In recessions past, it has been the American economy that has led the world back to growth. This time around it may be the emerging markets that lead the way. Related exchange traded funds (ETFs) in overseas markets could be a way to play it.
China, India and Brazil were wounded in the latest market meltdown, however, these emerging powerhouses are ready to stage a comeback so strong they could lead the world out of a global recession, says the Organization for Economic Cooperation and Development. Bear in mind that they’re not going to solve the problem, but they do help. Nelson D. Schwartz for The New York Times reports that Europe, the United States and Japan were the old leaders, but are expected to lag this time.
This notion is also reinforcing the theory of decoupling-the notion that the emerging markets could be moving independently of the developed economies. Higher oil prices amid a deep global recession has also pointed to a side effect of decoupling.
The increased independence would signal a move of economic weight toward the emerging countries, rather than the the developed nations. Once dependent developing economies will move in step with their own fundamentals rather than in step with developed countries.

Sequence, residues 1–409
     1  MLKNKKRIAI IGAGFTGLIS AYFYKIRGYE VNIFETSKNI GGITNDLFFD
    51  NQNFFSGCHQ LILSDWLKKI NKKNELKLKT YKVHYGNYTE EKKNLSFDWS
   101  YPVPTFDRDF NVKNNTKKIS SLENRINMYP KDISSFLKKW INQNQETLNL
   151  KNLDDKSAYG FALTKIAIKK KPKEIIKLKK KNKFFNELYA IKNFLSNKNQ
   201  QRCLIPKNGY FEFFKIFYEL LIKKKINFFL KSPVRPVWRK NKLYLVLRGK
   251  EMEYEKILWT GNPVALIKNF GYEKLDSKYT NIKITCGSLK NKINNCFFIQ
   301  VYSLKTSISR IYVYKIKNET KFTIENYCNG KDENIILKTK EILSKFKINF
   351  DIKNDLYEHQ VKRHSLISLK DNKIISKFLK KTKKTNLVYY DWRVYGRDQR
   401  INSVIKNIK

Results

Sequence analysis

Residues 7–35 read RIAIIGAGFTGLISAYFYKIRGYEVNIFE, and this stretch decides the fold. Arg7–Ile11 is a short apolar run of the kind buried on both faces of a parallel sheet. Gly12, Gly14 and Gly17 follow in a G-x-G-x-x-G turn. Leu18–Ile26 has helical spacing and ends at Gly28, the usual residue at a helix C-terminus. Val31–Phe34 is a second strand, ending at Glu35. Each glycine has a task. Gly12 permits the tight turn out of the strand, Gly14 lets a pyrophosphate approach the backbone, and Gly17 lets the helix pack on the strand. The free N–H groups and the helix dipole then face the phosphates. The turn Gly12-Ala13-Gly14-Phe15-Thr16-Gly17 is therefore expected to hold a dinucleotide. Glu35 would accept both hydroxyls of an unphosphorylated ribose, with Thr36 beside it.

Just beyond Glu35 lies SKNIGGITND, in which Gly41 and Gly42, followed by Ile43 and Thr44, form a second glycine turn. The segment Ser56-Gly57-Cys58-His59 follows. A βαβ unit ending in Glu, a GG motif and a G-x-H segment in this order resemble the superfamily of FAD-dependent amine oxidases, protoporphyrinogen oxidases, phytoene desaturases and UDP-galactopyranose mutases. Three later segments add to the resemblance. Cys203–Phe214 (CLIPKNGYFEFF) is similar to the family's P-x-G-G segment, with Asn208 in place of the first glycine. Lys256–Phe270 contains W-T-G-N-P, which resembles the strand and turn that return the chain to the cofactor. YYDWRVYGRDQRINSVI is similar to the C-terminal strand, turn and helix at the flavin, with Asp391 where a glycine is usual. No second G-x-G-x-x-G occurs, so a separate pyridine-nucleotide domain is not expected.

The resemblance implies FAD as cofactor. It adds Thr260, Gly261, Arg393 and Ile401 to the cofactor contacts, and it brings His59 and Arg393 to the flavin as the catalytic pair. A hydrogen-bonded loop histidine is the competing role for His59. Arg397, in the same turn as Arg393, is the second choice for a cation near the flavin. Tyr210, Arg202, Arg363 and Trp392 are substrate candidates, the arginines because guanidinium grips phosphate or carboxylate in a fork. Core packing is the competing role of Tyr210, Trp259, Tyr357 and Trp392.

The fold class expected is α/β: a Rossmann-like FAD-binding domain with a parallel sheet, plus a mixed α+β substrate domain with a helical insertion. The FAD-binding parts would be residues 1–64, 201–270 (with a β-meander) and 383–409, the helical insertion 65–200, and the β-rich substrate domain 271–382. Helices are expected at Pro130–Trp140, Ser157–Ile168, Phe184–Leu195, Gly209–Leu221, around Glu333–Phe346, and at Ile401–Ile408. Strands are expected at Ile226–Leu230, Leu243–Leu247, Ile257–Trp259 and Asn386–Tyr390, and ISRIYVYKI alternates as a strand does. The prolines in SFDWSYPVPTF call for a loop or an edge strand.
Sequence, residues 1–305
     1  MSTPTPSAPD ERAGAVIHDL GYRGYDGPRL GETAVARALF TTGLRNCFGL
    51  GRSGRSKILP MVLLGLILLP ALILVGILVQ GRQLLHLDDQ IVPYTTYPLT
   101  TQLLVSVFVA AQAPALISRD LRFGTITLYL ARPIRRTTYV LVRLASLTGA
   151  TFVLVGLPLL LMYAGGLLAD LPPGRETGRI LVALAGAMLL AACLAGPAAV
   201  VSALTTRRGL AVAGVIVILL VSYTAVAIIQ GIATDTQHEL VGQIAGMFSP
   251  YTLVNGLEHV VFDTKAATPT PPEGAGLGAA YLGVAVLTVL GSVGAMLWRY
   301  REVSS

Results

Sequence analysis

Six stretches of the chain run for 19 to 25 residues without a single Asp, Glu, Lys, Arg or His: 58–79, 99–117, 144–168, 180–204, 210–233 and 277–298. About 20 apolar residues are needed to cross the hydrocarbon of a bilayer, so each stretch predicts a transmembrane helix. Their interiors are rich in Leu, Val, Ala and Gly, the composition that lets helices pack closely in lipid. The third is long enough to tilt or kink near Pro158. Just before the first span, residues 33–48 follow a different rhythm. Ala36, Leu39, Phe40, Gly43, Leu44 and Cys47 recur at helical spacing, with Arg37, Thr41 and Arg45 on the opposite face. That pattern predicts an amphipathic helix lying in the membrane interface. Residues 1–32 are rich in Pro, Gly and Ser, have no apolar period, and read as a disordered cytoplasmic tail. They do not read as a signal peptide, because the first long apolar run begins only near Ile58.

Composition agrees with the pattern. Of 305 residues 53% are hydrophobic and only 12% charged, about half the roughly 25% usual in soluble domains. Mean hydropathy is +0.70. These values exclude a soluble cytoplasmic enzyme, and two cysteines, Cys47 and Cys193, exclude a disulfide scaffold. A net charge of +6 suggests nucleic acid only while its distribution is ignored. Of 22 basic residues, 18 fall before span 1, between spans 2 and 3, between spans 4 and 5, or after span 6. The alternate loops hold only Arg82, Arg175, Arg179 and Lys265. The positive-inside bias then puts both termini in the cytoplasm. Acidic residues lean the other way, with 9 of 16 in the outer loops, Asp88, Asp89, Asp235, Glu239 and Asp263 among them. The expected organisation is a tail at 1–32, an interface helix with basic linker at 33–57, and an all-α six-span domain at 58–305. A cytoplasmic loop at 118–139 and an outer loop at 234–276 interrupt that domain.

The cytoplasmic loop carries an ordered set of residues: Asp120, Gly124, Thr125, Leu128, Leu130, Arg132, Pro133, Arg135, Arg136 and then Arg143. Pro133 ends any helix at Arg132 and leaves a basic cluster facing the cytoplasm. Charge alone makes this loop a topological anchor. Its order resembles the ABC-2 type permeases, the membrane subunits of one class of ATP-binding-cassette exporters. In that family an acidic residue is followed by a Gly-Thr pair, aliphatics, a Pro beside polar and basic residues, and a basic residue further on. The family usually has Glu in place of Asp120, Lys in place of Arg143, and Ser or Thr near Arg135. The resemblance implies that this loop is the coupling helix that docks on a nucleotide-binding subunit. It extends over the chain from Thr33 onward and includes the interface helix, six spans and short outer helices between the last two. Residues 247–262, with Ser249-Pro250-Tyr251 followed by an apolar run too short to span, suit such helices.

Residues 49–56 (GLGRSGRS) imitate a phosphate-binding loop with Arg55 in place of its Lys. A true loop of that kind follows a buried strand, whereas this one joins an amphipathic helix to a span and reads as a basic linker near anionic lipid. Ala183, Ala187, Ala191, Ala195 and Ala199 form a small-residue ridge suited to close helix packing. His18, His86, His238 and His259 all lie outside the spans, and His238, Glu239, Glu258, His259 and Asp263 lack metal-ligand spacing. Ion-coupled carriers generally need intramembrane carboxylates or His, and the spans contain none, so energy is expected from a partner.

OECD’s report states China could grow 7.7% this year and 9.3% next year, faster than previous estimates. India could grow 5.9% this year and 7.2% next year, and Brazil’s economy, after slowing down, will reverse this year and expand 4% next year. The United States is set to shrink 2.8% this year and grow 0.9% in 2010.
- iShares MSCI Emerging Markets Index (EEM): up 29.8% year-to-date
For more stories about emerging markets, visit our emerging markets category.
The opinions and forecasts expressed herein are solely those of Tom Lydon, and may not actually come to pass. Information on this site should not be used or construed as an offer to sell, a solicitation of an offer to buy, or a recommendation for any product.